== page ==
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[*] Evolution of the HST Proposal Selection Process
Urry C.M., Blacker B., Miller G., Stanghellini L., Stanley P., van der Marel R.P.
in `Observatory Operations to Optimize Scientific Return II', Quinn P., ed., Proceedings of SPIE Vol. 4010, p. 98-106, 2000
© 2000. SPIE. All Rights Reserved.


Through Cycle 8, the process of selecting HST proposals was extremely successful, according to hundreds of scientists involved in the proposal review. Yet the system showed signs of strain, as the number of proposals doubled and the panels/TAC grew commensurately. This led to highly specialized panels, each with limited amounts of observing time to award, and an increasingly narrow scientific focus that exacerbated the natural tension between scientific expertise and conflict of interest. The TAC's role of establishing priorities among scientific disciplines became simultaneously more critical and more difficult to carry out. Furthermore, the scientific community advised us strongly, starting in Cycle 7, that more HST observing time should be devoted to larger programs (> 100 orbits). For Cycle 9 we instituted significant changes to address these issues: (1) Fewer, much broader panels, with redundancy to avoid conflicts of interest. (2) TAC role re- defined, to focus on awarding a significant fraction (1/4 - 1/3) of the available time to > 100-orbit proposals. (3) Incentives for panels to award time to 'mid-sized' proposals. We outline these changes in greater detail, and describe to what extent their implementation in the Cycle 9 review achieved the goals of more large programs, fewer conflicts of interest for reviewers, and a stronger science program for HST.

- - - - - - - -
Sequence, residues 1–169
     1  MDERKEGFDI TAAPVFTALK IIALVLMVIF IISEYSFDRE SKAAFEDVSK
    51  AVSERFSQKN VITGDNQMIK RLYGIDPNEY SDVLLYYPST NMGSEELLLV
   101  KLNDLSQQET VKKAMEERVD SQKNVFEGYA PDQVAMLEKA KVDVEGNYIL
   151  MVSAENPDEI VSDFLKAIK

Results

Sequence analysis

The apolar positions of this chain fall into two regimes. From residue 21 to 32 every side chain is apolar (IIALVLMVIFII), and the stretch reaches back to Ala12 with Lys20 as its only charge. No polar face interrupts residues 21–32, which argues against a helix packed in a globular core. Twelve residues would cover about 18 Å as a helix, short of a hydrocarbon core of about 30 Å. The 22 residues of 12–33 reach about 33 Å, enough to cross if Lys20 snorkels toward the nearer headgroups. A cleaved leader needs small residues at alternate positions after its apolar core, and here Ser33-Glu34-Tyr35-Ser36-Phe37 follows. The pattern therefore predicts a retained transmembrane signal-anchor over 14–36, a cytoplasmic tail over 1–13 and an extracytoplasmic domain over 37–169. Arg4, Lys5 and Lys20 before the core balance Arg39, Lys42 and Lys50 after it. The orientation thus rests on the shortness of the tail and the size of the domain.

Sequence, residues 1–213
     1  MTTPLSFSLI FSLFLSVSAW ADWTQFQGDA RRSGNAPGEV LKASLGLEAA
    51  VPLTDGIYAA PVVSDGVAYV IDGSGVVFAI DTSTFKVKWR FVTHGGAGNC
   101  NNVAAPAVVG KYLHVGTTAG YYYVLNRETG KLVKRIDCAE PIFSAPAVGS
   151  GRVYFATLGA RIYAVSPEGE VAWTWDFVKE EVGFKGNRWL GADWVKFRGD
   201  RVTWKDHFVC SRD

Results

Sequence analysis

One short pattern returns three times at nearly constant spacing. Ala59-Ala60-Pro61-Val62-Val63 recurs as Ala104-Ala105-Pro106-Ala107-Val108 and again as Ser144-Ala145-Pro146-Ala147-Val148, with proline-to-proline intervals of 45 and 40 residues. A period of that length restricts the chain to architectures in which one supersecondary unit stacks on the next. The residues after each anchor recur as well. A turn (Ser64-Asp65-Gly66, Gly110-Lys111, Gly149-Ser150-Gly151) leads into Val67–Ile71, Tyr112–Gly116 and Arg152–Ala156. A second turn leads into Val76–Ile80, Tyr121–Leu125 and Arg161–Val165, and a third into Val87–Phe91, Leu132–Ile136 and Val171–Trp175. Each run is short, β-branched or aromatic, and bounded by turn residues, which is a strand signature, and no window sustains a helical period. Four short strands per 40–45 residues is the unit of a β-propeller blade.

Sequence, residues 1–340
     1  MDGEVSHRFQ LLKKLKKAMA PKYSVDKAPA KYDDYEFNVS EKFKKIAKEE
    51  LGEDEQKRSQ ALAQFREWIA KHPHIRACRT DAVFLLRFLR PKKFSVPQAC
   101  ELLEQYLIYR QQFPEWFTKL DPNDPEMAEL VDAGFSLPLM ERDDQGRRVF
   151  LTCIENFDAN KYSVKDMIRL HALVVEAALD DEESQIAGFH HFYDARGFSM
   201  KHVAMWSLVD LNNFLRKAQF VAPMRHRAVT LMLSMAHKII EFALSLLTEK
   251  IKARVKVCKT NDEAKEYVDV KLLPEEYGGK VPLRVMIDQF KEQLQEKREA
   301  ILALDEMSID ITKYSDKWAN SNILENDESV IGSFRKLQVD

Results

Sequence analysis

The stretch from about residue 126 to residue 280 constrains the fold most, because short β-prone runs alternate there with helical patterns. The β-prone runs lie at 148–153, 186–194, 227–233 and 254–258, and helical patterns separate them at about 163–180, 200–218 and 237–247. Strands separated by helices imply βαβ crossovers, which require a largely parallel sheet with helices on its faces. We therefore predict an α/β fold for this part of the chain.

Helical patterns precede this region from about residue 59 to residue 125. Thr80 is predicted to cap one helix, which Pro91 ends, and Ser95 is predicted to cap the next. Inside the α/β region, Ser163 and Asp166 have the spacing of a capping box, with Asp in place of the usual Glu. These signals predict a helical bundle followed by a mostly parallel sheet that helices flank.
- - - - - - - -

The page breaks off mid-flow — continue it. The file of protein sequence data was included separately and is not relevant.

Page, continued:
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Last modified October 18, 2000.
Roeland van der Marel, marel@stsci.edu.
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